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44 matches for " bank lending":
The stock of bank lending to businesses is on course to fall in June, after a modest increase in May and huge jumps in March and April.
You could be forgiven for being alarmed at the 1.5% decline in the stock of outstanding bank commercial and industrial lending in the fourth quarter, the first dip since the second quarter of 2017.
Growth in the broad money supply slowed further in September, providing more evidence that the economy is losing momentum.
The headline in yesterday's ECB Q2 bank lending survey seemed almost tailor-made for the central bank to deliver a dovish message to markets this week.
The rollover in bank lending to commercial and industrial companies probably is over. On the face of it, the slowdown has been alarming, with year-over-year growth in the stock of lending slowing to just 2.6% in April, from a sustained peak of more than 10% in the early part of last year.
Friday's money supply data in the euro area show that liquidity support for the economy remained firm mid-way through Q2. Headline M3 rose by 8.9% year-over-year in May, accelerating from a revised 8.2% increase in April, and extending its ascent from around 5% before the Covid-19 shock.
We see only a small risk today of the MPC raising interest rates or sending a strong signal that a hike is imminent, for the reasons we set out in our preview of the meeting. The MPC, however, also must decide today whether to wind up the Term Funding Scheme-- TFS--launched a year ago as part of its post-Brexit stimulus measures.
China's manufacturing PMIs put in a better performance in November, with the official gauge ticking up to 50.2 in November, from 49.3 in October, and the Caixin measure little changed, at 51.8, up from 51.7.
Yesterday's money supply data in the Eurozone were solid across the board.
Speculation that the MPC will abandon its aversion to negative rates has increased, following recent comments by Committee members.
Korean trade ended the year strongly, salvaging what was shaping up as a dull fourth quarter for the economy.
Last week the Chinese authorities issued a series of new measures to help with bank recapitalisation, and, we think, to supplement interbank liquidity.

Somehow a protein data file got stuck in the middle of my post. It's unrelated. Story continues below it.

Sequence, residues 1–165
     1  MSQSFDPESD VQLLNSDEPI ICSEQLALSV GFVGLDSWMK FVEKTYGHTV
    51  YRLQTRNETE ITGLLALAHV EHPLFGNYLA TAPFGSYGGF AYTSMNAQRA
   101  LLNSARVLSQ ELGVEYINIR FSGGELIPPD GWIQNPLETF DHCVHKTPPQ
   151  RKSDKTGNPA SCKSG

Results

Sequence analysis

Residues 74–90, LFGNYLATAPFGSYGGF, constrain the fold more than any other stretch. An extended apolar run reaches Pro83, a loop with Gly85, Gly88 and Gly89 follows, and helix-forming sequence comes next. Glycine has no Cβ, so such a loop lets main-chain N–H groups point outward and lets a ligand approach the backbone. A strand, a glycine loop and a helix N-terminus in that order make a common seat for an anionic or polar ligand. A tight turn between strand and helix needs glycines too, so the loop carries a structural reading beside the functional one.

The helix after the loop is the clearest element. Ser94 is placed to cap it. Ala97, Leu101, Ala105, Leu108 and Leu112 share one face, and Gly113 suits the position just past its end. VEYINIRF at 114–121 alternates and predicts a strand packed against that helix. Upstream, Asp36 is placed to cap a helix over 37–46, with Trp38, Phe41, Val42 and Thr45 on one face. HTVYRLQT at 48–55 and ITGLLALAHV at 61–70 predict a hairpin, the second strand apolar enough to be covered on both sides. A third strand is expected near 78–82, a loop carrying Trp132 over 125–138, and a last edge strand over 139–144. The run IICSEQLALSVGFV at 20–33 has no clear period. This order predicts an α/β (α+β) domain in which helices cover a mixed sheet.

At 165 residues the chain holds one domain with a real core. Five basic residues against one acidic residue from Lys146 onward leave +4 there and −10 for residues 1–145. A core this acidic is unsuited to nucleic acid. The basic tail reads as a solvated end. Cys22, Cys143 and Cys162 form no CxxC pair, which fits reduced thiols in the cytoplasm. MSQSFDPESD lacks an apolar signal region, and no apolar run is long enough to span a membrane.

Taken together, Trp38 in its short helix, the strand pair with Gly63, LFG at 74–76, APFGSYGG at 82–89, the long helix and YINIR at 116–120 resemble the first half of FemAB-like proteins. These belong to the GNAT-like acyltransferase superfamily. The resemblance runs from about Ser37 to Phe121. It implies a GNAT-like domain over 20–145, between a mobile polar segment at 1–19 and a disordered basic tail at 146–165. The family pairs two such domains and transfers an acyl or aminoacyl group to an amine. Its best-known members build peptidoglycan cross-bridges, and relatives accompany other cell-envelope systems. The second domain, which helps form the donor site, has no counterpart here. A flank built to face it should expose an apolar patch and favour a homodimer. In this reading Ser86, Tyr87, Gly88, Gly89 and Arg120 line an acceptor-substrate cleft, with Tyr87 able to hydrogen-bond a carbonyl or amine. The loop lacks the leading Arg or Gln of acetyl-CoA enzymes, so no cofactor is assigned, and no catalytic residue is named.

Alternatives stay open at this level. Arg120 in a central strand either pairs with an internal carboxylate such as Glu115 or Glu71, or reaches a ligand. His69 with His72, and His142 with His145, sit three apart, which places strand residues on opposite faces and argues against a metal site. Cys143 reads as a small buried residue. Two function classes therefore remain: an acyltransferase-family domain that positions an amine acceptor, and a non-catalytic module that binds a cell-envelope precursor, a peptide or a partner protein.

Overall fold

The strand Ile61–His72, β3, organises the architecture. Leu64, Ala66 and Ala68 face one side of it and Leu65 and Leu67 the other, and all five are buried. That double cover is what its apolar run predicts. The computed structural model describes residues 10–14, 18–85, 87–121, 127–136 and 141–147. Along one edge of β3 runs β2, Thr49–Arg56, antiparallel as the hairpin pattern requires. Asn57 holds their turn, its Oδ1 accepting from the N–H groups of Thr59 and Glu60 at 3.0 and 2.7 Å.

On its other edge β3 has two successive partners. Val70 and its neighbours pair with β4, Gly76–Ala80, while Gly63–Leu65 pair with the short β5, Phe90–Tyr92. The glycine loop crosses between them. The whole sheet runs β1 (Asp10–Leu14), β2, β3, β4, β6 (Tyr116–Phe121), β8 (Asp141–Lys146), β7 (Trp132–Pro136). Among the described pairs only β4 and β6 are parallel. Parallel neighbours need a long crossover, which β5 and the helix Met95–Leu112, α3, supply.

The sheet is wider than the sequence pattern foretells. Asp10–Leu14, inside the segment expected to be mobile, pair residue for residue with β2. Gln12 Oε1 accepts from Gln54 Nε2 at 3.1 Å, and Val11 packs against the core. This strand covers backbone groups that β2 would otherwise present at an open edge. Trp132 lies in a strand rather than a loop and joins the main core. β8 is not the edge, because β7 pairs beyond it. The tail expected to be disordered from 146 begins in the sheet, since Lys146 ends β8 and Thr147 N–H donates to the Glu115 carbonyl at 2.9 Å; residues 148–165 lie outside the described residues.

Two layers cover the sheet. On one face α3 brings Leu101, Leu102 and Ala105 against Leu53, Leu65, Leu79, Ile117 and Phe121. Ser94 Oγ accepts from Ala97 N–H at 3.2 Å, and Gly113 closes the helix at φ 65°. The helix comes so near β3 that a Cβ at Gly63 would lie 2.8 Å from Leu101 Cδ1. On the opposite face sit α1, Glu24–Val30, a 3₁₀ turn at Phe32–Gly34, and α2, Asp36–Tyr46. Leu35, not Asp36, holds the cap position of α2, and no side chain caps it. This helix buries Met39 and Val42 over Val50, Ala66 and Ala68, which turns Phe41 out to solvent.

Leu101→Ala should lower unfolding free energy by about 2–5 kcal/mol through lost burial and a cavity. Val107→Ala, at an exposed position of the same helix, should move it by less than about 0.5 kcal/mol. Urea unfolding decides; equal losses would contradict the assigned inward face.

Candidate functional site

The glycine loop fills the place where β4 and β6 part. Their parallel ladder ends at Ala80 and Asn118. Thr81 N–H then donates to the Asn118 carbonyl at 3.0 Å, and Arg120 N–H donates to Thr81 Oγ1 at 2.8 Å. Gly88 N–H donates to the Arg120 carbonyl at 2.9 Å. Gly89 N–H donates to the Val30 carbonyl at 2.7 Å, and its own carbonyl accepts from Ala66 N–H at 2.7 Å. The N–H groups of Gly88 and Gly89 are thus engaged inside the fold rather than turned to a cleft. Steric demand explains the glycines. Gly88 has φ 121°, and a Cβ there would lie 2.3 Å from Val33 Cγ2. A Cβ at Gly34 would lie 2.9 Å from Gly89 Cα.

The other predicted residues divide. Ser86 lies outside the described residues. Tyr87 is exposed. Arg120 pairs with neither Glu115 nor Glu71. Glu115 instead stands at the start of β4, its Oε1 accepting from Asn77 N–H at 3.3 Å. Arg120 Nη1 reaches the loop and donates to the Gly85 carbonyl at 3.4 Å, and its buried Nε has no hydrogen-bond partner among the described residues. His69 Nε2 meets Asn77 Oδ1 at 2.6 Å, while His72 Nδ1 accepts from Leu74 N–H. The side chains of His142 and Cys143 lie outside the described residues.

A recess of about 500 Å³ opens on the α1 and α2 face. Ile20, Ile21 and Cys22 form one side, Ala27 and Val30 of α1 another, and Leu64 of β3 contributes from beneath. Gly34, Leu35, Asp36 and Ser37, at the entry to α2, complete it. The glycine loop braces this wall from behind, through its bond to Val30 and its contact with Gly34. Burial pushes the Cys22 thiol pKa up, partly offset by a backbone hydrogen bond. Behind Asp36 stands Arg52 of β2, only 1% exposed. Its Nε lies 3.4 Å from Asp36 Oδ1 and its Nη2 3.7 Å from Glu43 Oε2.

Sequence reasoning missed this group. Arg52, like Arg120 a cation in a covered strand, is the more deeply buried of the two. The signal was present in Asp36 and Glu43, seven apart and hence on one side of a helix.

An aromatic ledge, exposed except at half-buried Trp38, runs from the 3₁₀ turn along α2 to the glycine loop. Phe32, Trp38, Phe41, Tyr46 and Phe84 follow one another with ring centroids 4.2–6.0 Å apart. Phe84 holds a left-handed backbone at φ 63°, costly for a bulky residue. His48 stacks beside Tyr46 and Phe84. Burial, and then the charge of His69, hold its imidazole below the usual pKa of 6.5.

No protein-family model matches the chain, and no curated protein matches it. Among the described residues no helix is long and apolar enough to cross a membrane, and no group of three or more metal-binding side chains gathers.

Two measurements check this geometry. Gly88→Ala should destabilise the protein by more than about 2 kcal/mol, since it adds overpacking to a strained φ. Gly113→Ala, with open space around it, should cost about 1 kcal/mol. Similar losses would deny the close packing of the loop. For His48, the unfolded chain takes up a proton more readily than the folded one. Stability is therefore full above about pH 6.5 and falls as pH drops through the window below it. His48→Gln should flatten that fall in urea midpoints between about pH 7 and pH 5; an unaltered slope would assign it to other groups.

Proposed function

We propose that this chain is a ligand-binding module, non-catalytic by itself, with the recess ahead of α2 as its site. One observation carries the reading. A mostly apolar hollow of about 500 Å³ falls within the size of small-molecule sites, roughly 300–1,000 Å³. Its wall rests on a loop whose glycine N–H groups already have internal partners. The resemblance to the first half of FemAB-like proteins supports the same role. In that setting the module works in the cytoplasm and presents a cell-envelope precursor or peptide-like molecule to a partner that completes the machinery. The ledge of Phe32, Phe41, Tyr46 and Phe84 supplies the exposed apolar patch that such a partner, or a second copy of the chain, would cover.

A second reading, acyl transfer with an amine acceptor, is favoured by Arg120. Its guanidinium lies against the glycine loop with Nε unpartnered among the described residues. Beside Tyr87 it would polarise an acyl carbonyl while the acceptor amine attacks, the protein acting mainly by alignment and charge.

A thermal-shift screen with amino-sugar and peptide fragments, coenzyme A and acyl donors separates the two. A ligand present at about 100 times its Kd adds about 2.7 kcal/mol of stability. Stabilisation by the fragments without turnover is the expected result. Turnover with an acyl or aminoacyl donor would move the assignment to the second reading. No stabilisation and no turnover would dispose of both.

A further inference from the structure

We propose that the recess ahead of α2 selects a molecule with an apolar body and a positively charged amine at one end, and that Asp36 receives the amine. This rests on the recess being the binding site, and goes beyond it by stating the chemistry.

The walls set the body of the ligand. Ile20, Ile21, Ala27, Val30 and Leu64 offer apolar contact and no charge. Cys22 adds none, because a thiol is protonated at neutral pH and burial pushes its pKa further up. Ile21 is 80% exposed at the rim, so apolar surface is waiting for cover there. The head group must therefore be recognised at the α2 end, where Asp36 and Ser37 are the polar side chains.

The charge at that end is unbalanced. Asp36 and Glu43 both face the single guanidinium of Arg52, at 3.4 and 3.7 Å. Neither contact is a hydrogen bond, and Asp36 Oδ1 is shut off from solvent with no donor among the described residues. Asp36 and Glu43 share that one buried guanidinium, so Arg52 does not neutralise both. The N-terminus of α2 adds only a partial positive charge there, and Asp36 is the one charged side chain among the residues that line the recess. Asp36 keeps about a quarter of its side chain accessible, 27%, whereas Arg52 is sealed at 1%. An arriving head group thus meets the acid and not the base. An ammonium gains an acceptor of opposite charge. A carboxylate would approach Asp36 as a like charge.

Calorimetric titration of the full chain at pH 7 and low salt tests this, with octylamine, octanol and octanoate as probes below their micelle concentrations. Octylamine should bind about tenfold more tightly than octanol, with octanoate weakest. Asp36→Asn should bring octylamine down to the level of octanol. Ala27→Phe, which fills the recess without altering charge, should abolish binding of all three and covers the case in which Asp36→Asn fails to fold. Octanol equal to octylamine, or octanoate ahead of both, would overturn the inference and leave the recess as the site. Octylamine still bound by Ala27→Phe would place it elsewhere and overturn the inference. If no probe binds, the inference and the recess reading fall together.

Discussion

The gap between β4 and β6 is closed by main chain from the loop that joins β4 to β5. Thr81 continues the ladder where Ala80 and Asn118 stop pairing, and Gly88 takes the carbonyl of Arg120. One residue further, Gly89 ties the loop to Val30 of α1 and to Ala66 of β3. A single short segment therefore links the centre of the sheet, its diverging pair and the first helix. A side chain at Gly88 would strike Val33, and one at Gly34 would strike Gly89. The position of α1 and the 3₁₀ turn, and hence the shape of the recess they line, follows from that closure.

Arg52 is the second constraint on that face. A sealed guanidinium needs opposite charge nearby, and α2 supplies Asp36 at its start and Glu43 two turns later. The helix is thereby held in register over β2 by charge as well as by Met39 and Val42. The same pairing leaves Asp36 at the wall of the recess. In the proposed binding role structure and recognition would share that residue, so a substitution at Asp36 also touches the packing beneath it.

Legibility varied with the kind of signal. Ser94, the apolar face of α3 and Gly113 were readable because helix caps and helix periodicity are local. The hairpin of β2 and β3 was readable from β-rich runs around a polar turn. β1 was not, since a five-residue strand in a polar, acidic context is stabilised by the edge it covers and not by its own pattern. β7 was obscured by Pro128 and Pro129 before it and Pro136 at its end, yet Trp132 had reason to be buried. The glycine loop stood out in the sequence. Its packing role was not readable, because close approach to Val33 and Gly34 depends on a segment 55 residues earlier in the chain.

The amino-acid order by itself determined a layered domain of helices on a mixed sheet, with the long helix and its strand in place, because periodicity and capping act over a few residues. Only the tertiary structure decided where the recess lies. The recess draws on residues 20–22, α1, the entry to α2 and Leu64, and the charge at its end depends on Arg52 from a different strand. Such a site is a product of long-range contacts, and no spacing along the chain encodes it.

The ECB broadly conformed to markets' expectations today. The central bank maintained its key refinancing and deposit rates at 0.00% and -0.4% respectively, and delivered the consensus package on QE.
Money supply dynamics in the Eurozone continue to signal a solid outlook for the economy. Headline M3 growth eased marginally to 4.9% year-over-year in January, from 5.0% in December; the dip was due to slowing narrow money growth, falling to 8.4% from 8.8% the month before. The details of the M1 data, however, showed that the headline chiefly was hit by slowing growth in deposits by insurance and pension funds.
The summer usually is a quiet time for business, but seemingly not for CFOs this year. Yesterday's money and credit figures from the Bank of England showed that borrowing by private non-financial corporations has rocketed. Net finance raised by PNFC's from all sources increased by £8.9B in July, compared to an average increase of just £2.5B in the previous 12 months.
The latest Markit/CIPS manufacturing survey has dashed hopes that sterling's depreciation and the pickup in global trade will facilitate strong growth in U.K. production this year. The PMI dropped to 54.2 in March, from 54.6 in February.
China is facing a nasty mix of spiking CPI inflation and ongoing PPI deflation.
As things stand, we see little reason to revise down our forecasts for the U.K. economy in response to the tailspin in equity markets
June's money and credit figures showed that the economy still doesn't have much zing, even though lending has picked up since Q1.
July's money and credit figures provided more evidence that firms have become reluctant to invest following the Brexit vote. Lending by U.K. banks to private non-financial companies--PNFCs--rose by just 0.2% month-to-month in July, below the average 0.5% increase of the previous six months.
Yesterday's economic reports in the euro area were mixed.